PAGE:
Summertime is the new song from the artist JB Proof (who happens to be my fourteen-year-old son). Instrumental, contemplative, easy-listening. He had zero help from me, which was a deliberate choice on both of our parts.
I’ve been writing and recording music in various genres for decades now (am I truly that old? yes), but this youngster is something else. The question of talent vs hard work vs inspiration is a difficult one. You can go around and around for days on that problem. JB is a mixture of talent and hard work. He definitely has a unique knack for melody and chord structure, but he will also happily sit at the piano for hours, practicing and writing and practicing some more.
When you join talent and hard work together, you end up with a potent mixture. A God-inspired mixture, in my estimation. I’m VERY interested to see where JB goes with this. He has a great many other songs in the pipeline…
The Inflatable Hippies just released their newest album, A Short History of Light. Mellow electronica. I’ve belonged to the Inflatable Hippies for years. Can’t remember exactly how long.
I recommend belonging to a band if you don’t already. It’s kind of the musical equivalent of carrying snow chains in your car. Better to have them than not. You never know when it is going to snow.
Please encourage your friends, your Aunt Marge, other relatives, family-members, neighbors, bridge club, former associates in the mafia you once worked for, the local chapter of the Audubon Society, etc., to have a listen. Available on Amazon, Apple, Spotify, Pandora, etc.
The Inflatable Hippies are already hard at work on their next album, which is tentatively titled A Short History of Shadow. Point, counter-point, of course.
The album after that one will be largely inspired by Tolkien in order to counteract the pernicious effects of Amazon’s bizarrely deficient Rings of Power series. A whole lot of deprogramming will need to happen because of that series. Feel free to start that brave effort by handing out copies of Lloyd Alexander’s Prydain Chronicles, Patricia McKillip’s Riddlemaster of Hed trilogy, Susan Cooper’s Dark is Rising series, Ursula K. LeGuin’s Wizard of Earthsea stories, Robin McKinley’s Blue Sword, Jim Butcher’s Aeronaut’s Windlass, George MacDonald’s Princess and the Goblin stories, and, of course, three humble little books: The Hawk and His Boy, The Shadow at the Gate, and The Wicked Day.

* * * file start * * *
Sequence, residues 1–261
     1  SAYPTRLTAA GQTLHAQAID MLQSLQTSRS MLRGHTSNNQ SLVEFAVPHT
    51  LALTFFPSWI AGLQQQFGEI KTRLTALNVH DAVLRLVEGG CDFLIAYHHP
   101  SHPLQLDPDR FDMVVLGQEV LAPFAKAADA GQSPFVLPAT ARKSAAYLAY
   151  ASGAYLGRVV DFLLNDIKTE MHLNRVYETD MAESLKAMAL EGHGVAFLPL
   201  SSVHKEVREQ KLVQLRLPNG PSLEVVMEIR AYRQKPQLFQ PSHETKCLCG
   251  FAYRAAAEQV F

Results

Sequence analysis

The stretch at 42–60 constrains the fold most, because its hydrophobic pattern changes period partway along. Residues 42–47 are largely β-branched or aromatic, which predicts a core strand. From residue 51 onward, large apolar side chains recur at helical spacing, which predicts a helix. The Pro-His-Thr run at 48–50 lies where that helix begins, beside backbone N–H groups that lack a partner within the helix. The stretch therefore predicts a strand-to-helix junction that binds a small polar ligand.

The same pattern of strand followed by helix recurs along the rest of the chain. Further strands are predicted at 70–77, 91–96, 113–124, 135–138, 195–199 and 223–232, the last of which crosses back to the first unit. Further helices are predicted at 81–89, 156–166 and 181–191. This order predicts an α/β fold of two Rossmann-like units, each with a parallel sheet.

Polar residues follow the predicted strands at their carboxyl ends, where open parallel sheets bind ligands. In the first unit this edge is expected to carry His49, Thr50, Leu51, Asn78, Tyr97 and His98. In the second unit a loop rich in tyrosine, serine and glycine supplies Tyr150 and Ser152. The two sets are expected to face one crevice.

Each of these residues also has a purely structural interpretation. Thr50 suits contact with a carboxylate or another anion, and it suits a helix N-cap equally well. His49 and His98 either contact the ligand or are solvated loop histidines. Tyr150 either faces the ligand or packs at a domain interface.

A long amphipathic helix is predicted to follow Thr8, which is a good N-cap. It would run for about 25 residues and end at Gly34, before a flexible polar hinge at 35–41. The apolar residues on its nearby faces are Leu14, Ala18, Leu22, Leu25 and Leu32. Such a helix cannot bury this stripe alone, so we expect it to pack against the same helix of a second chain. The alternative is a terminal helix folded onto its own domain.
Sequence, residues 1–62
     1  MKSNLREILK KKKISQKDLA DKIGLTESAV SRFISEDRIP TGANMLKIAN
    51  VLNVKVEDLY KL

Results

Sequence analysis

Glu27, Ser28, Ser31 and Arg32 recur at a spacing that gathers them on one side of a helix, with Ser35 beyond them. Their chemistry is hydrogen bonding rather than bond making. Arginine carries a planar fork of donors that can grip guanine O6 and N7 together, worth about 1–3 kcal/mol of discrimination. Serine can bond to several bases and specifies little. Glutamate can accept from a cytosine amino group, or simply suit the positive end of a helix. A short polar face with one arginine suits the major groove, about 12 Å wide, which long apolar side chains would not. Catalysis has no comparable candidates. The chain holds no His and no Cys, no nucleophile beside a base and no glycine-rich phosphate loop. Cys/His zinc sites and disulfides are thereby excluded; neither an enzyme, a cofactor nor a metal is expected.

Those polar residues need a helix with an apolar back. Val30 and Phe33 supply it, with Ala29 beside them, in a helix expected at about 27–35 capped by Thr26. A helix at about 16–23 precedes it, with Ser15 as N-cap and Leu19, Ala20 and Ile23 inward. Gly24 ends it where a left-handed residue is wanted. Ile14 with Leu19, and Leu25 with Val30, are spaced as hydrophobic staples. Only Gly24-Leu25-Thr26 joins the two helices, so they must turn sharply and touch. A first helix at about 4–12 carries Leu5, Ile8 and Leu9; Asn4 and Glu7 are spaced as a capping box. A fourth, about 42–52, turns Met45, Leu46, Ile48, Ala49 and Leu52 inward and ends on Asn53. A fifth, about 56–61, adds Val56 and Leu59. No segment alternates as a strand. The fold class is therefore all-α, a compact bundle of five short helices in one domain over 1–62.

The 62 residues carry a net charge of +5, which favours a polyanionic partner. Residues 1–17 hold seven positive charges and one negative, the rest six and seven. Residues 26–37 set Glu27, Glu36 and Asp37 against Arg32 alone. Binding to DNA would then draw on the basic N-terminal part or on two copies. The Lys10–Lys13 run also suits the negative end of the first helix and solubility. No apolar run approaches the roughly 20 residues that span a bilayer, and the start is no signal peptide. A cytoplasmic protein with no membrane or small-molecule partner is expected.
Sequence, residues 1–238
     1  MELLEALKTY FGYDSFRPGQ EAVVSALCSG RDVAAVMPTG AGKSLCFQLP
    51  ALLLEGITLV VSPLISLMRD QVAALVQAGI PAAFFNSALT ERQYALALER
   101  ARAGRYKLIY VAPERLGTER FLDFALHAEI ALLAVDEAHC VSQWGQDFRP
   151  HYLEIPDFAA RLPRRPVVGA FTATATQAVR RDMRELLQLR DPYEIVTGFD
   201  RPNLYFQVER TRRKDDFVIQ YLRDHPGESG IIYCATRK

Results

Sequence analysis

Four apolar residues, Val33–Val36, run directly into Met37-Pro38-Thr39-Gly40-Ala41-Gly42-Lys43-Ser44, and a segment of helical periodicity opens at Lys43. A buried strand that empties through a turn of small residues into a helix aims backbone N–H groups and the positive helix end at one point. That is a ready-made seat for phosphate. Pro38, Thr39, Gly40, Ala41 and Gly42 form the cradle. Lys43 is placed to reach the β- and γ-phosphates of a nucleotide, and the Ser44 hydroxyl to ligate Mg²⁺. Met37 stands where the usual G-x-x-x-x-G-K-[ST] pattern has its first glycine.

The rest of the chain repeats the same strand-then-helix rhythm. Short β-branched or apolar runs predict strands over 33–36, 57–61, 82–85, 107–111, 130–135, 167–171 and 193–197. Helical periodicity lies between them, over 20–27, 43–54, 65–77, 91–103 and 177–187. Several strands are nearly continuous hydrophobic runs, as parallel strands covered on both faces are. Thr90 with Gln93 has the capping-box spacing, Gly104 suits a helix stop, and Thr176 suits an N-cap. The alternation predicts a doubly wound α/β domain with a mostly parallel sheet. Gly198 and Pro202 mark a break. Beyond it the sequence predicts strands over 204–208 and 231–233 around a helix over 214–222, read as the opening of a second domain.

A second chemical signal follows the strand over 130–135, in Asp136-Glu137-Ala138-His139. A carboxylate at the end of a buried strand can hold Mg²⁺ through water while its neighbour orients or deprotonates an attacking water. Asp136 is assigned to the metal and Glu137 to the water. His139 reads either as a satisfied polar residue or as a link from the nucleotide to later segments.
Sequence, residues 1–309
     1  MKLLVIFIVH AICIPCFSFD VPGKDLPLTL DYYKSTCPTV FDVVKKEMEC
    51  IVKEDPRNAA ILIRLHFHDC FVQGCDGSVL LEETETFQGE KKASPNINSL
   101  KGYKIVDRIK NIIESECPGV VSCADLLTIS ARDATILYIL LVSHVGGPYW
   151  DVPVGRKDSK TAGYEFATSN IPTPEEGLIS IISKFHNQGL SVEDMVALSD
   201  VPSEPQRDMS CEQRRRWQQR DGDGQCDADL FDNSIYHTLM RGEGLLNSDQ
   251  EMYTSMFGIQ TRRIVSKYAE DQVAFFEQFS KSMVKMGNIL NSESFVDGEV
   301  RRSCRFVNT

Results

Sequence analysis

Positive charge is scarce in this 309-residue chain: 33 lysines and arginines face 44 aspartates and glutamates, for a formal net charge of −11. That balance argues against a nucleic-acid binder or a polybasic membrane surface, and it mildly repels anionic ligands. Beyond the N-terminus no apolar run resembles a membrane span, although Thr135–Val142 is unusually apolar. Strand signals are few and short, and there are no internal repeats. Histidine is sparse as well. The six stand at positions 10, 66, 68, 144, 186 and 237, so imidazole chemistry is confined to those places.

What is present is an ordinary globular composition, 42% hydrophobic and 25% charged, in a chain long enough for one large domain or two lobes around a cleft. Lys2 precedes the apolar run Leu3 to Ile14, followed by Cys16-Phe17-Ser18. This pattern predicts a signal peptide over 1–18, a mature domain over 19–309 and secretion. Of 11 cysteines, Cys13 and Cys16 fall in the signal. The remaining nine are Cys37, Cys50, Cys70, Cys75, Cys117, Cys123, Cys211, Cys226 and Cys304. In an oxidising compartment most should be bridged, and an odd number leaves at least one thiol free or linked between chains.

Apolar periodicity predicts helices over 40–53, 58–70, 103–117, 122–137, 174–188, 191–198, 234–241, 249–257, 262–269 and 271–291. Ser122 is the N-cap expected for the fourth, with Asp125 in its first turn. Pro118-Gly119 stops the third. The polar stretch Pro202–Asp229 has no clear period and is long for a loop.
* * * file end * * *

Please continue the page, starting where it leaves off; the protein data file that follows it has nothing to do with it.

All of these stories fit into the history of light. In different configurations, angles, points of view, sub-categories, spectra. Just as do certain music, sculptures, paintings, architecture, the oak tree, giraffes, lemurs, Neptune, dahlias, gophers (sadly so), sunrises and sunsets. And a whole lot of other stuff, plus all the grains of sand on the every seashore on every landmass on planet Earth.
My newest album, Love in the Time of Pandemica, has just gone live. These days, I’m mostly recording under the name Inflatable Hippies (which my wife hates), but this album is under the band name UDK (short for Upside Down Kingdom). I’m not going to use this name again; it’s only for this album (and, yes, I realize this is totally a dumb marketing move in terms of [not] building up an entity–but that’s not exactly my goal here).
I didn’t write these songs for my grandmother. My specific audience for them is epic fantasy readers who shop at thrift stores, like Dvorak’s New World Symphony, and are mildly irritated with Jim Butcher for not writing a sequel to the Aeronaut’s Windlass. A very well-written and crafted book.
Anyway, these are all rock/alternative songs, mostly dealing with mortality, meaning in life, fate, providence, totalitarianism (particularly “Time to Run” and “Dark Stories”). “She’s Got Fangs” is in honor of all the excitable people who made themselves greatly known in the last two years of the pandemic/shut down/the great oddity (whatever you want to call 2020 and 2021). “Feel Just Fine” is an old, stripped down, fairly raw version of a song that ended up on the soundtrack of the indie film The Fellows Hip.